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The Sunset Limited



Tagged a "Novel in dramatic form" this stage play is a treasured work of pleasure and pain. I read it twice last week. For me, when reading it the first time, I just couldn't put it down. Not because it's a mystery, melodramatic or particularly plot driven but because each and every word is so masterful it's like eating dessert. You just have to keep stuffing your face no matter how full you are. Hence the second reading. This time to savor it. It's just too good. How does this man have such immense insight into humanity? Below is a quote that I'm just going to pick at random because honestly you can open the book at any page and find the "best" piece of dialogue.

WHITE: Now I know you're being facetious.

BLACK: This time I think you're right. I think you have finally drove me to it.

WHITE: Mm hm.

BLACK: Well, the professor's done gone to laying the mm hm's on me. I better watch my step.

WHITE: Yes you had. I might be warming up the trick bag.

BLACK: But still you think that your reasons is about the world and his is mostly just about him.

WHITE: I think that's probably true.

BLACK: I see a different truth. Settin right across the table from me.

WHITE: Which is?

BLACK: That you must love your brother or die.
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I got a grant from Rooftop Films!



The kind souls at Rooftop Films have seen fit to award my next short film Knife with a grant. I think it might be in bad form to mention amounts but I'll say it's very gracious and will send me well on my way to getting the film off the ground and into production. To be perfectly honest the vote of confidence, the elation of being chosen for something is as big a boost as the first money.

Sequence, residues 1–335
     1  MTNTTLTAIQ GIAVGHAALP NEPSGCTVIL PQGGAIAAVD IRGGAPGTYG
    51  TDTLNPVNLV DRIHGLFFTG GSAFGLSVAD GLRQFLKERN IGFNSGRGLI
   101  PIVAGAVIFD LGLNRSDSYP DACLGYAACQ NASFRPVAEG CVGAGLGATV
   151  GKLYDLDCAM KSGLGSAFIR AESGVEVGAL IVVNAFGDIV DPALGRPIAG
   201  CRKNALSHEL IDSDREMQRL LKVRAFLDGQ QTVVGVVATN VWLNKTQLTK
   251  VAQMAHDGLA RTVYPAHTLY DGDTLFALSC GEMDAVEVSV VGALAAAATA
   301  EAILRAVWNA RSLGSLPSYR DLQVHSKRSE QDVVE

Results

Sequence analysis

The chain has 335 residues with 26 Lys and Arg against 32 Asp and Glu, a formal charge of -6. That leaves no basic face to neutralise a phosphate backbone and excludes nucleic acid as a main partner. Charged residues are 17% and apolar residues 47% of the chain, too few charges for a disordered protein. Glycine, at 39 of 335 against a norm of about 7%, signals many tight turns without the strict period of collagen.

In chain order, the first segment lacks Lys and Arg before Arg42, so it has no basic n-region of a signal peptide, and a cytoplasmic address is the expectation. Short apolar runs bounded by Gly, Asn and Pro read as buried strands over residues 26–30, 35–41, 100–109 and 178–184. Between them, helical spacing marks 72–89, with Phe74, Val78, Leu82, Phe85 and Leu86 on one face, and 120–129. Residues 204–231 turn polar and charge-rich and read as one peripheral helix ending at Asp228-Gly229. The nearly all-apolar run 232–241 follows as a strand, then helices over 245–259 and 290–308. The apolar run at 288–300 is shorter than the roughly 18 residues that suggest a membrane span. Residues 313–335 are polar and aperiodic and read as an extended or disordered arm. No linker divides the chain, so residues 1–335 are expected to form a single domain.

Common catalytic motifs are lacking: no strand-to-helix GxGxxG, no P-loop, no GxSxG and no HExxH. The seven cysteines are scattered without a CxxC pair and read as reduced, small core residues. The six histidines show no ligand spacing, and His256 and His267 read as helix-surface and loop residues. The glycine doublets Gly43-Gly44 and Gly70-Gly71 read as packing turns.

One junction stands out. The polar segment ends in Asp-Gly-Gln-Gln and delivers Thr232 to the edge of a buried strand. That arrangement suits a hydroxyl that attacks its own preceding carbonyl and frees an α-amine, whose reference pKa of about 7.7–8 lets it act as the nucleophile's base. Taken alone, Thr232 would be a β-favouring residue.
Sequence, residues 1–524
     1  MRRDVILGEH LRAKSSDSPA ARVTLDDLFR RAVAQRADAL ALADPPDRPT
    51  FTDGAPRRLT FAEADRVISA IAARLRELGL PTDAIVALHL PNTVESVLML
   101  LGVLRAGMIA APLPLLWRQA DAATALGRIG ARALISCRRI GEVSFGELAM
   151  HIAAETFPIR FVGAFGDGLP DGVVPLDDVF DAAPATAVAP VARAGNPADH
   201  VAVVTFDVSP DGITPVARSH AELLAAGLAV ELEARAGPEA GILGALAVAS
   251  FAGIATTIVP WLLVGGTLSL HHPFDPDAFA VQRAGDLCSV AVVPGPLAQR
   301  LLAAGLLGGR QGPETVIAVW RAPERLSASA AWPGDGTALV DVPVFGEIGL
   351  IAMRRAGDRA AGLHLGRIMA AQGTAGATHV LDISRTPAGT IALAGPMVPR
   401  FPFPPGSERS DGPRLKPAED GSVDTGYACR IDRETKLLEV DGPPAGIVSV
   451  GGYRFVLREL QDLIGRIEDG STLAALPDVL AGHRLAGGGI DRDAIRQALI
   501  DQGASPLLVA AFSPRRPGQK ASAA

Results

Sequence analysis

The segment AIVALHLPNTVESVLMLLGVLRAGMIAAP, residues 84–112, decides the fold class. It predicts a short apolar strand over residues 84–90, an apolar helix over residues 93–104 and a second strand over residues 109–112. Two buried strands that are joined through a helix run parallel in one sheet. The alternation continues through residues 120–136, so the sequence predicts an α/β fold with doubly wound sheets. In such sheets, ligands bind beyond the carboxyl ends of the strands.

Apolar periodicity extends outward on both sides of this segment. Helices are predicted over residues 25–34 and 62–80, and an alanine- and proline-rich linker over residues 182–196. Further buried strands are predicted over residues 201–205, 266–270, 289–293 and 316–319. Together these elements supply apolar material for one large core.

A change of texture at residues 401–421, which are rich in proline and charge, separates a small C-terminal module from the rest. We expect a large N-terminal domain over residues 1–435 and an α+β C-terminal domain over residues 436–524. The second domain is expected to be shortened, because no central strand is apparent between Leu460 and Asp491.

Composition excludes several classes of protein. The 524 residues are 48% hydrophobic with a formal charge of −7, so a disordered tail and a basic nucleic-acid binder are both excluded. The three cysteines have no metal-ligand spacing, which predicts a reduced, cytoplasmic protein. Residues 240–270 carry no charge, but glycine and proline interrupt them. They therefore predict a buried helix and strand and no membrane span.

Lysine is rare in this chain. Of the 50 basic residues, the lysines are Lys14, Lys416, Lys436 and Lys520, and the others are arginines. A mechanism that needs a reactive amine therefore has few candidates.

Here's what Knife is about:
A searing, slow-burning portrait of vengeance, Knife is a transgressive look at a Southern Gothic staple told entirely in silence. Set in rural Texas the story chronicles an unnamed man with a broken spirit. In the beginning we see him returning to his family. Where he's been is unknown. Wherever it was - prison, maybe war - the years have not been kind to him. In spite of his family's warm welcome the man can't shake an anger that builds in him so he must leave them again. This time to return to the land that was once theirs, a land that had been in the family for generations, a land that has been stolen, plundered, and sewn with seeds of greed. There's a force at work, a corruption that destroys homes, nature, families, and memories. The Man decides to lay his stakes down and pits himself against it all. He is on a ruinous mission to sate the hatred in his heart with the knife he carries in his hand.
Congratulations to Sara Zia Ebrahimi, Moon Molson, and Dustin Guy Defa who all won grants for their short films too.

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Stuff I like this week - 09921


The Assassination of Jesse James by the Coward Robert Ford

I watched it three times last week. It's a goddamn modern masterpiece.




I saw Frank Mosley's new film recently and thought it was really great.









I saw Stingray Sam out on the fest circuit. It's this really awesome space western serial. You can watch the first episode for free at their site.



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Good lord that's amazing!

(Facebookers will have to go to the original post to see all the images and videos.)
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On 'Revolutionary Road'

"From now on, whatever else his life might hold, there would be no more apologies."
I finished reading "Revolutionary Road" while on the plane back from NYC. What an astounding, charged piece of work it is! While I still stand by my notion that you can't judge a movie by it's book because in my opinion they are two very different beast. By the by "Revolutionary Road" the movie was fine in and of itself but when you read the novel you see how enormously wrongheaded it is to think you can even come close to capturing the breadth and scope of it. I sincerely believe that even the most masterful filmmaker could not offer on screen what an audience can get from those pages.

So in other words, I don't think we should judge the movie on not being as good as the book but instead ask "Why was this book even made into a film?" I think "Revolutionary Road" has made me realize that sometimes there has to be a line drawn between literature and film that maybe shouldn't be crossed.

Which I'm finding hard to reconcile with my own personal yearning to someday turn "Moby Dick" into an epic trilogy.